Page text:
Jess Glynne @ Genting Arena, 18th November, 2018

Jess Glynne has only been in the music zeitgeist for five or so years, but her rise to stardom has come quickly. The pop singer intermixes catchy upbeat pop tunes with a more grounded R+B sensibility, giving her music a powerful presence that is at times missed by the candy coated pop of radio. With single after single gracing the charts her music has launched her to almost instant fame, crushing stadium and arena shows instantly. At Genting Arena Jess Glynne created a transformative atmosphere transporting fans to another dimension.

A sort of dystopian wildlife scene emerged from the darkened stage; what could only be described as icebergs dotted the expansive stage creating an identifiable scene. As the stage came to life, warmed by purple and blue lights, images of nature and sunbeams flashed on the screen. As the drum kicks filled the room with atmospheric noise, dancers crowded onto the stage moving in exceedingly energetic motion. A cannon of confetti splashed the room with glitter, and then Jess Glynne appeared. In her all white outfit she looks like an alien from another planet, a dreamscape plopped onto the stage. ‘Hold My Hand’ launched, Glynne’s voice filling the room with its warm rasp. 

Elevated pop ‘No One’ showed off Glynne’s lower vocal range, a sort of raspy edge that paralleled the dystopian pop drums. The first two songs, both uptempo and dance worthy, formed this sort of energy bubble, an atmosphere that would be sustained through the evening. 

As the dancers disappeared Glynne launched into ‘You Can Find Me.’ The gospel tinged, soul pop was broken with some funky breakdowns during the chorus, a display of Glynne’s ability to take an ordinary pop song and make it something different. The dancers flood back to the stage as pop infused ‘Rollin’ and ‘Intro’ spill through the speakers. Fan favourite and radio hit ‘These Days’ begins as a sort of subdued pop rock record, only to explode in a flurry of sound as fans sing wildly along with the chorus.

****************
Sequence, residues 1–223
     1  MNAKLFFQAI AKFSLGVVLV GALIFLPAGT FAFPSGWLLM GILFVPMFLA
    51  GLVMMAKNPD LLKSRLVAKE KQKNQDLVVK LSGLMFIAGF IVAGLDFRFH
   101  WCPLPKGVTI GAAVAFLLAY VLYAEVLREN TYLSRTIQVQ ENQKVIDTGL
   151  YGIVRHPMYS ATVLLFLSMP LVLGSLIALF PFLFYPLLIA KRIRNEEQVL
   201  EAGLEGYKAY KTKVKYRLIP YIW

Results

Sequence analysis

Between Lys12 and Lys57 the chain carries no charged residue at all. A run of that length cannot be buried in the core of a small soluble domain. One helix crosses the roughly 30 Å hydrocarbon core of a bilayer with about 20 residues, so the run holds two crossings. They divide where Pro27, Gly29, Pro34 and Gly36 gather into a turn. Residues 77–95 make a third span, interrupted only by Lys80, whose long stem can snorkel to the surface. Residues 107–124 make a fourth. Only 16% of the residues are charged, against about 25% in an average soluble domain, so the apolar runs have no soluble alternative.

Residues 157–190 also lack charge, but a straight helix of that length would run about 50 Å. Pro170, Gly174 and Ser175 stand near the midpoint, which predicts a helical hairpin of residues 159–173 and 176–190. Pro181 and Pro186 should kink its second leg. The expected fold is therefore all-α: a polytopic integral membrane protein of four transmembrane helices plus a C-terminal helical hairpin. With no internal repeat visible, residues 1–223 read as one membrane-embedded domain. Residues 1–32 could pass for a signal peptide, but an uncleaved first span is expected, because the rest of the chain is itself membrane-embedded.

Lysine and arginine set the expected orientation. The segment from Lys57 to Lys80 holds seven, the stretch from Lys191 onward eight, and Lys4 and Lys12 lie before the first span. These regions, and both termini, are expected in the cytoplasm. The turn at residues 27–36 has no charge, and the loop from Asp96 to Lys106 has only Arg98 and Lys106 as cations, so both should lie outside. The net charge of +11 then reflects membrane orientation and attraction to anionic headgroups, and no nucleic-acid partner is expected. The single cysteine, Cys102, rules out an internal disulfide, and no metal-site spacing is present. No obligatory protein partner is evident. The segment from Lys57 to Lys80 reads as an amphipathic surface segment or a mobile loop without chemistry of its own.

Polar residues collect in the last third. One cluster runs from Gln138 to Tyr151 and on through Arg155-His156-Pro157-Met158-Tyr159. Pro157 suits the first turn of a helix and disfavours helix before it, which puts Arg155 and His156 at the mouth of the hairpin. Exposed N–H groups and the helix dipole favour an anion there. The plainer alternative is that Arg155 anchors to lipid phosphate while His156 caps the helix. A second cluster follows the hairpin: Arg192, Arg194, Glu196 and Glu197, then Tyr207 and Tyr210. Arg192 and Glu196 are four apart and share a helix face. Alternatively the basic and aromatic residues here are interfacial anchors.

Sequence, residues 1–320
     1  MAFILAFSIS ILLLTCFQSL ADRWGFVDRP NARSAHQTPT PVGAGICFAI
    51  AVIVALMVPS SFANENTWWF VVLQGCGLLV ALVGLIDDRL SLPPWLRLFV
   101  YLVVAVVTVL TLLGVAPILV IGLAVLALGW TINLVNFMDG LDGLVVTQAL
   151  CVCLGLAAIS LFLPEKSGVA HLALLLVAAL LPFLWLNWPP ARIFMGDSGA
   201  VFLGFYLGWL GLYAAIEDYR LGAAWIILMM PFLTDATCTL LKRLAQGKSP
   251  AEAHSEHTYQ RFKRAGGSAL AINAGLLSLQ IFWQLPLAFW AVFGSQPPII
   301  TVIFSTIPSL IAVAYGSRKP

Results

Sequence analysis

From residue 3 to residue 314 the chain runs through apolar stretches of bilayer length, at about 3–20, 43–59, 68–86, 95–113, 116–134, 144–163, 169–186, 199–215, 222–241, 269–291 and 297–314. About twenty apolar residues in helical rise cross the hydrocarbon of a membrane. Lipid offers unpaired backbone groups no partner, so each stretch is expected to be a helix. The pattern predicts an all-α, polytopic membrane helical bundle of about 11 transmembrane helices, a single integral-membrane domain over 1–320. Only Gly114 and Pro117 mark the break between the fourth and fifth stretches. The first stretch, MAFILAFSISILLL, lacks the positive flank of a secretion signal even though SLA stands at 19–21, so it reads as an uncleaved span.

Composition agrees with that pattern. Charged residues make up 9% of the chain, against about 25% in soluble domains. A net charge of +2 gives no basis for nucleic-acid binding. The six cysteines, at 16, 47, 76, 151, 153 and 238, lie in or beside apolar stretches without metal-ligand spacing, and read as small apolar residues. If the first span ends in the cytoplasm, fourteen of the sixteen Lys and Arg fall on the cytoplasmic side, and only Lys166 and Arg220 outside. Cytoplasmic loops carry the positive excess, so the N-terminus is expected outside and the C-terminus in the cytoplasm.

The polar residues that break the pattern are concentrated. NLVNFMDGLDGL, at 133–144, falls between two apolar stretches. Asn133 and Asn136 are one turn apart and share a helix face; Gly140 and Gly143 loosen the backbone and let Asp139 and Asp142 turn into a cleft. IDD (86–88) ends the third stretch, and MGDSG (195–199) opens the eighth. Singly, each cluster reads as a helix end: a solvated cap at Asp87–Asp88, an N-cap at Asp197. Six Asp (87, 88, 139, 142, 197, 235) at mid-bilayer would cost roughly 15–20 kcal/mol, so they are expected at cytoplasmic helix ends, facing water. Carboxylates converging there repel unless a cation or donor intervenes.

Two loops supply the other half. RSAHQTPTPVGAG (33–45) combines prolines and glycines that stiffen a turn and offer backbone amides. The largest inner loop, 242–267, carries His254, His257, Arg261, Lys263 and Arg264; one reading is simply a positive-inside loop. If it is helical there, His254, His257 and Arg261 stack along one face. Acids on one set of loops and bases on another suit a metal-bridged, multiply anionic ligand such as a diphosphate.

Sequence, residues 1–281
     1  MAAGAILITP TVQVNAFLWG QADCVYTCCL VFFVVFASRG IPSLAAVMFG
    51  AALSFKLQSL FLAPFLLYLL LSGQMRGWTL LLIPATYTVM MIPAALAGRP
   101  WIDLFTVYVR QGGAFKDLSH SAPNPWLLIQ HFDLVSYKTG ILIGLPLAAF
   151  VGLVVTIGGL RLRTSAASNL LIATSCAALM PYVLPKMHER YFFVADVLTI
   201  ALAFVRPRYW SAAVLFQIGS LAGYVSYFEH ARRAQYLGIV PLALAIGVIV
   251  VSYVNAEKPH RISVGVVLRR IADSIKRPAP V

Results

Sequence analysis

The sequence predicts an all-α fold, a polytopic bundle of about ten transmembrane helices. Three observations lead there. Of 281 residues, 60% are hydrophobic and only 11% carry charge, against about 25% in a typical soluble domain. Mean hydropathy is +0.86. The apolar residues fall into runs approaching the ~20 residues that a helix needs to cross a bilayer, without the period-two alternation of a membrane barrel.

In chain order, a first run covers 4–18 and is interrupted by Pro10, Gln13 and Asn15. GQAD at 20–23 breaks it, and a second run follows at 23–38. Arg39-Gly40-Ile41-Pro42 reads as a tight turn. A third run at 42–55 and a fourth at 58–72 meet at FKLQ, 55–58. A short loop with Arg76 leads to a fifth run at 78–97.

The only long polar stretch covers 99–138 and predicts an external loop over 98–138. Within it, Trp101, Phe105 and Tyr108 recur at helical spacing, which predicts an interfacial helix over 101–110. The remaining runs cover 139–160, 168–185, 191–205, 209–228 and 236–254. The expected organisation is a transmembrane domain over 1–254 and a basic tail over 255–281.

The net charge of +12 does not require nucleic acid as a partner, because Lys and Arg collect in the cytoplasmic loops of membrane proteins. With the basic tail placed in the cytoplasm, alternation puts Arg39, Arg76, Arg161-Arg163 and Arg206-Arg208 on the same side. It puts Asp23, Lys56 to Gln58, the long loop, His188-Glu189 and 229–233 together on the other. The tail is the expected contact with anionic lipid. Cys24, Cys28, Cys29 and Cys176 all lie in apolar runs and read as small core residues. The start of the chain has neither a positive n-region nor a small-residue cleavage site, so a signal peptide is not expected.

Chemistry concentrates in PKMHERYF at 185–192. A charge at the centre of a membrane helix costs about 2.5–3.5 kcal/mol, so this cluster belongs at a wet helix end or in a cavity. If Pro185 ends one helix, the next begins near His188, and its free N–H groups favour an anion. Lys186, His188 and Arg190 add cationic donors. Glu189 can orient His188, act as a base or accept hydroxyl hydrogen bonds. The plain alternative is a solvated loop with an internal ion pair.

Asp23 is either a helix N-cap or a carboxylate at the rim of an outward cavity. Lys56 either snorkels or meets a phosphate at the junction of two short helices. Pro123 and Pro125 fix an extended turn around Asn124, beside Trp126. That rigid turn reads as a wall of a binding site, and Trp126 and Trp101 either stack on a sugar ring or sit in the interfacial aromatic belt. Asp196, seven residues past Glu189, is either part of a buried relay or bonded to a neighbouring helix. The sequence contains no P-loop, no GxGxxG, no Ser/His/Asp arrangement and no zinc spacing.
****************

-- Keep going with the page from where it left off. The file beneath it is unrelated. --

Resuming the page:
The screens morph, revealing blooming flowers as groovy pop ‘123’ begins. The pop dies down slowly and Glynne introduces her recent acoustic release ‘Thursday.’ The song, which celebrates confidence in ones own skin and an understanding of personal self worth, gives a glimpse into the poignant pop that is needed. Sweet in its simplicity the song reveals an emotionally raw and real message, a standout moment of the night. 

Backed by an aquarium scene Glynne launches into ‘Ain’t Got Far To Go,’ ‘Hate/Love,’ and ‘Don’t Be So Hard on Yourself’ before breaking with moody power pop ballad ‘Nevermind.’ Escaping the main stage Glynne finds a singular piano in the middle of the areana. From here she plays stripped down versions of ‘Take Me Home’ and ‘Broken.’ As her sparkly blue coat reflects across the stage, fans pick up their phone to create a star map that is breathtaking, a beautifully still moment in the whirlwind show.   

Back on the main stage the energy picks back up with dance pop ‘So Real’ and ‘Real Love.’ A smash of hits ‘My Love’ and ‘Rather Be’ are followed by the closer of the night ‘All I Am.’ Glynne returns for her encore performing ‘Right Here’ and ‘I’ll Be There.’

Jess Glynne creates unique pop records that, while pulling from a pop format and structure, elevate the at times pithy genre, ultimately creating records that are wildly entertaining and purposeful. Her live shows seem to do the same, striking the balance between ridiculously overwhelming fun sugar coated glee and reflective purposeful poignancy. At Genting Arena Jess Glynne , delivered a standout show putting on full display her creative powers and genius.  

Reviewer: Kylie McCormick

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